Journal Article

Mass Exodus from Senescing Soybean Chioroplasts

Juan J. Guiamét, Eran Pichersky and Larry D. Noodén

in Plant and Cell Physiology

Published on behalf of Japanese Society of Plant Physiologists

Volume 40, issue 9, pages 986-992
Published in print January 1999 | ISSN: 0032-0781
Published online January 1999 | e-ISSN: 1471-9053 | DOI: http://dx.doi.org/10.1093/oxfordjournals.pcp.a029632
Mass Exodus from Senescing Soybean Chioroplasts

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  • Molecular and Cell Biology
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During leaf senescence, chioroplast proteins, lipids and pigments undergo massive degradation releasing large amounts of nutrients for reuse elsewhere. Understandably, the chloroplast-degrading machinery has been considered to operate within the chloroplast itself. However, most of those lipases and proteases that increase during senescence and have been localized occur in the vacuole or cytoplasm rather than in the chloroplast. In chloroplasts of senescing (monocarpic) soybean (Glycine max) leaves, numerous plastoglobuli (lipid-protein globules) protruded through the chloroplast envelope and emerged into the cytoplasm, where these globules acquired a polygonal coat and eventually disintegrated. The fluorescence characteristics of these cytoplasmic globules indicated that they contained chlorophyll or chlorophyll derivatives. The secreted globules were specific to senescing cells and were absent in old leaves of the ‘stay green’ genotype GGd1d1d2d2 which shows a generalized inhibition of chloroplast degradation. These observations suggest that the globules secreted by the chloroplast carry photosynthetic components to the cytoplasm or vacuole where they are degraded. This blebbing from the chloroplast suggests the occurrence of a novel pathway for the degradation of photosynthetic components in senescing leaves, and it opens new approaches to the study of chloroplast breakdown and its regulation.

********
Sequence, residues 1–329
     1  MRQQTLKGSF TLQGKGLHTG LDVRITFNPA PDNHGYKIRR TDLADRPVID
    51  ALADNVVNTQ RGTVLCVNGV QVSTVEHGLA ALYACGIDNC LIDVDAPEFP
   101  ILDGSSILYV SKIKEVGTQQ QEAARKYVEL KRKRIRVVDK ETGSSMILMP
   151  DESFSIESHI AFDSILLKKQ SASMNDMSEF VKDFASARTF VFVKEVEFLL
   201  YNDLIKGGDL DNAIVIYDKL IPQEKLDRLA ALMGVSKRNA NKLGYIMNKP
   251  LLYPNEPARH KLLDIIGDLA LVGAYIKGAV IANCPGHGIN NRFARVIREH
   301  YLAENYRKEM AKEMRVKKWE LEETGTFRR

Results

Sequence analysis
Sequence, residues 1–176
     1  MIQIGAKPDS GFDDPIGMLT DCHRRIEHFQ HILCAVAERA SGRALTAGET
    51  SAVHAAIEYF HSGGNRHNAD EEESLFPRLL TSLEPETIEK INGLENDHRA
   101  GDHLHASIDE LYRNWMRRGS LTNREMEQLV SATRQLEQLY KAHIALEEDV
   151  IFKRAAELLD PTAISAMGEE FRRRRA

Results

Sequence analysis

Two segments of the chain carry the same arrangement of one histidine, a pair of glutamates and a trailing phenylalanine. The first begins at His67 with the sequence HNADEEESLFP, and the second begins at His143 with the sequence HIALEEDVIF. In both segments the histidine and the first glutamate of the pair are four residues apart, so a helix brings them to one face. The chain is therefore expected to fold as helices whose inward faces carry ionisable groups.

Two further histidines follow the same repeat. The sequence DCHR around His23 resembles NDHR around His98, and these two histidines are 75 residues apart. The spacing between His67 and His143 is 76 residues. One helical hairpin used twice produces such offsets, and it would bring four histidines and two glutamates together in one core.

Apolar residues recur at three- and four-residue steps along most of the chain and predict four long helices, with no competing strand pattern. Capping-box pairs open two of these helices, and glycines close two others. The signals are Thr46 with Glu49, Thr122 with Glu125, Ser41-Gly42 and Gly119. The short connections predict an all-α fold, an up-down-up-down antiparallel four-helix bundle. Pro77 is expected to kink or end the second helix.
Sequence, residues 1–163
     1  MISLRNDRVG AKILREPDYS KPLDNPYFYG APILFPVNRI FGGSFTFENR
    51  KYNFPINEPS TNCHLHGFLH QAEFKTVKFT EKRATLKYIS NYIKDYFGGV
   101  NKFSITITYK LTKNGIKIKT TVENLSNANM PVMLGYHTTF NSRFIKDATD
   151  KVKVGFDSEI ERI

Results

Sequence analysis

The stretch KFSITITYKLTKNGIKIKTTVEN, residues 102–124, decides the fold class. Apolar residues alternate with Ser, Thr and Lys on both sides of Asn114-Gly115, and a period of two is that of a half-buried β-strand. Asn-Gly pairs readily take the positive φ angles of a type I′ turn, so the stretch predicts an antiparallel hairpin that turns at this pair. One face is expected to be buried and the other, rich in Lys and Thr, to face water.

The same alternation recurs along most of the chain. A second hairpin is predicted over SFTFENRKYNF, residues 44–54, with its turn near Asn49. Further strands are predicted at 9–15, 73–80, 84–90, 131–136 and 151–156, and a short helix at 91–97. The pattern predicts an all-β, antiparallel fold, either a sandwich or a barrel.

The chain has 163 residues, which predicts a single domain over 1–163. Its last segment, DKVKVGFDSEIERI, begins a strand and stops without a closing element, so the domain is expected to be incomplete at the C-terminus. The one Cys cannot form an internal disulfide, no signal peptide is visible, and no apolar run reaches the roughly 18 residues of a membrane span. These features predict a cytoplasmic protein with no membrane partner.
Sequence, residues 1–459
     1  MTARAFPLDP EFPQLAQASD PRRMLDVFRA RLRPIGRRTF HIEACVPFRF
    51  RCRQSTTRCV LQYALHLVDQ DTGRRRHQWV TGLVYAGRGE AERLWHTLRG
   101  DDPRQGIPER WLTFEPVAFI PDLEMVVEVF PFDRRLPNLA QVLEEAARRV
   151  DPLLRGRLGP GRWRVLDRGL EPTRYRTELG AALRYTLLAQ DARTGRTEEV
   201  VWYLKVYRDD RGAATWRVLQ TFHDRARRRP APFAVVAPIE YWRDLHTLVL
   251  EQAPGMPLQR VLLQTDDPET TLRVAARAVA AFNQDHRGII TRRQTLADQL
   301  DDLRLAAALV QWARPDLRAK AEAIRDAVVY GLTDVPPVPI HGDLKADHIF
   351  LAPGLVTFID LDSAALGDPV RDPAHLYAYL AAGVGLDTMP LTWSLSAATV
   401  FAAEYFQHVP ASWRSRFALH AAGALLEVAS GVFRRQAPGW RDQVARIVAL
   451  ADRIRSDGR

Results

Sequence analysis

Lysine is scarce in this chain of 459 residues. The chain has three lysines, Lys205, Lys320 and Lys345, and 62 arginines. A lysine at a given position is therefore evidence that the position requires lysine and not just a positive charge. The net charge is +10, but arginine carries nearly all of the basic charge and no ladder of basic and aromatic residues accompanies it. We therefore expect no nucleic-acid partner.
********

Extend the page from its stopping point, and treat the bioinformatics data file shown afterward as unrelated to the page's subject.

Keywords: Chloroplast; Fluorescence; Glycine max; Plastoglobuli; Secretion; Senescence

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Subjects: Biochemistry ; Molecular and Cell Biology ; Plant Sciences and Forestry

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